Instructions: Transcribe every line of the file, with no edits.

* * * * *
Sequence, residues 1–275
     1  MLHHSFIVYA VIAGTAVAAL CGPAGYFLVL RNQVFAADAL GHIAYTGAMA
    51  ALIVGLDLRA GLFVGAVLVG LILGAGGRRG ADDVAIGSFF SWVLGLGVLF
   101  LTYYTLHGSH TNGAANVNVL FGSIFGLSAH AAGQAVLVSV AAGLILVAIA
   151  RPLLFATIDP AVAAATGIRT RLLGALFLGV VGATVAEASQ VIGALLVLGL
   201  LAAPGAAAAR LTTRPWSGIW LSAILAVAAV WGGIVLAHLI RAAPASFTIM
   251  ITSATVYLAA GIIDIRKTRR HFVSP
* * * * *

Sequence, residues 1–275
     1  MLHHSFIVYA VIAGTAVAAL CGPAGYFLVL RNQVFAADAL GHIAYTGAMA
    51  ALIVGLDLRA GLFVGAVLVG LILGAGGRRG ADDVAIGSFF SWVLGLGVLF
   101  LTYYTLHGSH TNGAANVNVL FGSIFGLSAH AAGQAVLVSV AAGLILVAIA
   151  RPLLFATIDP AVAAATGIRT RLLGALFLGV VGATVAEASQ VIGALLVLGL
   201  LAAPGAAAAR LTTRPWSGIW LSAILAVAAV WGGIVLAHLI RAAPASFTIM
   251  ITSATVYLAA GIIDIRKTRR HFVSP